While I was careful to preface Ethiopia through writers’ eyes with the following caveat:
“Like all those possessing a library, Aurelian was aware that he was guilty of not knowing his in its entirety.”
The Theologians, Jorge Luis Borges
It rests that as soon as a book is launched into the world, be it from the flat topped amba of Mount Abora, a multitude of overlooked works immediately begin to form a perilously high tower of their own.
Here then, after the ‘Canon’ of Ethiopia through writers’ eyes, the Apocrypha:
I served the king of England (Bohomil Hrabal,1971)
“Then Haile Selassie himself arrived, accompanied by the Prime Minister, all our generals, and all the potentates of the Ethiopian army, every one of them covered with medals. The Emperor won us all over. He was dressed almost casually, in a kind of white uniform with no medals, while the members of his government or the atamans of his tribes wore colorful robes and some of them carried big swords, but as they took their places it was obvious that they were well behaved and natural. Tables for three hundred guests were set in the dining rooms of the Hotel Paris, and at each place was a set of sparkling gold forks and knives and spoons. Haile Selassie was given a warm welcome by the Prime Minister, and he responded in a barking voice, saying through his interpreter that he had the pleasure of welcoming his guests to an Ethiopian meal.”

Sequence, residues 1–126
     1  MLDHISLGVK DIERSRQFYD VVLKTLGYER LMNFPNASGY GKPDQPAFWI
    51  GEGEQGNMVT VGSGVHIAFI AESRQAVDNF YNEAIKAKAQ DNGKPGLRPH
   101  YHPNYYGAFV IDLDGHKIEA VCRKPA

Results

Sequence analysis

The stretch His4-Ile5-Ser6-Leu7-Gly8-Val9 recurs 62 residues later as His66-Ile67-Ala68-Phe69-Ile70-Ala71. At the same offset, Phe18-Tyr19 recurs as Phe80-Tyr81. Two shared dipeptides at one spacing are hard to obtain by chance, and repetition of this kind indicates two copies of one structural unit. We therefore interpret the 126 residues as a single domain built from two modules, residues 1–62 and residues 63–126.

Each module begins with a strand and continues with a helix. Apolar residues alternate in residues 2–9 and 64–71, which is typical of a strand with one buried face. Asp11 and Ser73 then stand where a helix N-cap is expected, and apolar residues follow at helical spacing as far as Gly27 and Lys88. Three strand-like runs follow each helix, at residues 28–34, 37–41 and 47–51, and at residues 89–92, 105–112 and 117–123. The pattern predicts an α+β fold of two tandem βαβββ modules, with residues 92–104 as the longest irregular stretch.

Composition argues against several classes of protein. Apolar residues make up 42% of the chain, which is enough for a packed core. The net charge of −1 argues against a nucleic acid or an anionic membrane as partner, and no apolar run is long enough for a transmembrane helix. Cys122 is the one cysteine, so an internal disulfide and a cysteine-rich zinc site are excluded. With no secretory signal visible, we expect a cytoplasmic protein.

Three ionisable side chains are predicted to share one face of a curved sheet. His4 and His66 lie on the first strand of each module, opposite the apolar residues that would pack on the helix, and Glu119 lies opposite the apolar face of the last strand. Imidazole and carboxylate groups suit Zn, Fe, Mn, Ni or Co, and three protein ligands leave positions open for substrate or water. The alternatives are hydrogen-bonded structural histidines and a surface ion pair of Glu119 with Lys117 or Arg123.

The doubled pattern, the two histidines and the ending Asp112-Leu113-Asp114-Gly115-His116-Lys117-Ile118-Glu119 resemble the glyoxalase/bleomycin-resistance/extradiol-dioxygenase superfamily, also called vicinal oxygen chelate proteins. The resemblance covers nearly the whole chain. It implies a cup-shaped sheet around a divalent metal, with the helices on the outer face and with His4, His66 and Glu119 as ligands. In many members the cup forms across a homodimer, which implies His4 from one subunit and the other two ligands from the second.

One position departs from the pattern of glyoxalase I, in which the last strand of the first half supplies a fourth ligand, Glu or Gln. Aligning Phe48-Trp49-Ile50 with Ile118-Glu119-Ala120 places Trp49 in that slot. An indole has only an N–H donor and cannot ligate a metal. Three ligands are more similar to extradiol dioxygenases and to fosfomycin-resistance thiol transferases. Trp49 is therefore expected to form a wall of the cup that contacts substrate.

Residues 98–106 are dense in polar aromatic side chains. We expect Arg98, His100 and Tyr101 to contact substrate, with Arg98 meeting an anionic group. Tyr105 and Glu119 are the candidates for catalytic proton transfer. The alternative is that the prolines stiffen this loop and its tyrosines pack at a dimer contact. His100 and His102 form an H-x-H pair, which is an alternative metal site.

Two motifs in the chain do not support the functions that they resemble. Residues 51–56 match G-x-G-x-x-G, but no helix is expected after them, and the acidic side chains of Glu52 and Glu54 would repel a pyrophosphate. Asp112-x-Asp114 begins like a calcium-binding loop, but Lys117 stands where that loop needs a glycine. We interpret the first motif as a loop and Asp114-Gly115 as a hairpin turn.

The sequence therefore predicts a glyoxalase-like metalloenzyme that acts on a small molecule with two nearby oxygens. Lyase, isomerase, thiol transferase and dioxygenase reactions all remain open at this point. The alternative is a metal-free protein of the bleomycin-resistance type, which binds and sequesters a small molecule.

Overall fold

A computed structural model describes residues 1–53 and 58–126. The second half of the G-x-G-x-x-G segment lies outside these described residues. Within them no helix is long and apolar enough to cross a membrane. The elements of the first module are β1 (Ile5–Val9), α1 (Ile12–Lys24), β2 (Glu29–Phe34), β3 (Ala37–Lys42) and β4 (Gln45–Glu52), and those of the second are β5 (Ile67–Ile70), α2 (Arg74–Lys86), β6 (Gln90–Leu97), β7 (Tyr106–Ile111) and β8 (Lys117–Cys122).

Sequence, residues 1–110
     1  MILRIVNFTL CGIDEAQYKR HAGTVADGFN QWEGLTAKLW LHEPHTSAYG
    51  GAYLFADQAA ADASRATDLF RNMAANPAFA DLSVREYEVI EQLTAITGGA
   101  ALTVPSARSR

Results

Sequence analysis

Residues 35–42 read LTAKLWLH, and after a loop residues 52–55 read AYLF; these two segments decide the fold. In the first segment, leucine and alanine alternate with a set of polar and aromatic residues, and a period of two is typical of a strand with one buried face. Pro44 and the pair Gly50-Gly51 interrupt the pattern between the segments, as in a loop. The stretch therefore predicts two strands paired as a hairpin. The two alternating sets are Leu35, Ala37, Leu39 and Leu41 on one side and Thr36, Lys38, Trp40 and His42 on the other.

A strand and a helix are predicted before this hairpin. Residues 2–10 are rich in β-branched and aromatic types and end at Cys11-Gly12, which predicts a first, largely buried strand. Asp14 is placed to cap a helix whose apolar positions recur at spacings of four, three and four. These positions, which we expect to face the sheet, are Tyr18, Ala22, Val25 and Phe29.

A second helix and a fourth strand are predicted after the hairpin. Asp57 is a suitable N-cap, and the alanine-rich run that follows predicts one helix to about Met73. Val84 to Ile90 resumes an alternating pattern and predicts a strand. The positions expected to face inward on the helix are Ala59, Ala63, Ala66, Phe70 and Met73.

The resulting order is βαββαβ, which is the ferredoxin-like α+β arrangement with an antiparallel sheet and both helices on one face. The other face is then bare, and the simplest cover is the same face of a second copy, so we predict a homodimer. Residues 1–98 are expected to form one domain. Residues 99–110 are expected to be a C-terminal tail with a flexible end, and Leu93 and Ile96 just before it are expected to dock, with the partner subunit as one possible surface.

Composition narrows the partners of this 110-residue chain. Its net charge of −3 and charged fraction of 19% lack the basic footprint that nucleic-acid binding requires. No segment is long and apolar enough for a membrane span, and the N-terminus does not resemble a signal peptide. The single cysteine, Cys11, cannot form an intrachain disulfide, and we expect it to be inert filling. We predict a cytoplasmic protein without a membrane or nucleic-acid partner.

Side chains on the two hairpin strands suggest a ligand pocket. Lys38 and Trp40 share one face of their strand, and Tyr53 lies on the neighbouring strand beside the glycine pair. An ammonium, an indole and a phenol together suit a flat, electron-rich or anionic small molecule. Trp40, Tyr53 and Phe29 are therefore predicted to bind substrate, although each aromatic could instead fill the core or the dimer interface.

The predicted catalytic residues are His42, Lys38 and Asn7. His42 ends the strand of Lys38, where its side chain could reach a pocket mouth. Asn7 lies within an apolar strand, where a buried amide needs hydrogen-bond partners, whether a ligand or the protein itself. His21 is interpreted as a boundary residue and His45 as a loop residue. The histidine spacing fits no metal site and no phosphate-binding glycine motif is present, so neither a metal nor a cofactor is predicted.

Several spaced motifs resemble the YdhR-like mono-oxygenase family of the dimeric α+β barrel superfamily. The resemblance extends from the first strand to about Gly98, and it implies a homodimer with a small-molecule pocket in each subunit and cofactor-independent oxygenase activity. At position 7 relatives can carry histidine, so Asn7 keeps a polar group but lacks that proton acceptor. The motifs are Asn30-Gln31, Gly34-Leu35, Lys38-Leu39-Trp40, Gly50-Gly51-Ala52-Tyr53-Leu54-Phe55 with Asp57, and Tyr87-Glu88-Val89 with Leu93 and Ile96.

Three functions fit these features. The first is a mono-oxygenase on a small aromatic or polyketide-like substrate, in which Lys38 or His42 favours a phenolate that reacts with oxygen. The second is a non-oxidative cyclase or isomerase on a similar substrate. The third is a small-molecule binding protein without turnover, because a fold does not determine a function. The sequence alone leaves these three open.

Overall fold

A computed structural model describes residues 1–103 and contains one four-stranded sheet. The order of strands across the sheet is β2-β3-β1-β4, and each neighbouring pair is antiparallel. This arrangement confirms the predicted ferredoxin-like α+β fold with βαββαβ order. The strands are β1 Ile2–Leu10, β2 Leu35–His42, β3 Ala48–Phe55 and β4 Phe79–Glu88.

Bohomil Hrabal (1914-1997) is considered by many to be the greatest twentieth century Czech writer. He is certainly the funniest. Hrabal’s I served the king of England cannot in any fashion be said to be about Ethiopia per se – and nor is it about England either.
Rather, the story relates the life of Ditie, a Bohemian lad who works his way to the top of the Bohemian catering industry, from waiter to hotel magnate, in a series of Mittel Europa locations on the eve of World War Two. Ditie’s burning desire is to own a hotel patronised by foreign celebrities. A dream fulfilled when the exiled King of Ethiopia (we are in 1936) is invited to a state banquet. The ‘Ethiopian’ meal in question (no injera! a bull enfolding a sheep stuffed with a peacock filled with a… but you get the idea) is a farce of epic proportions.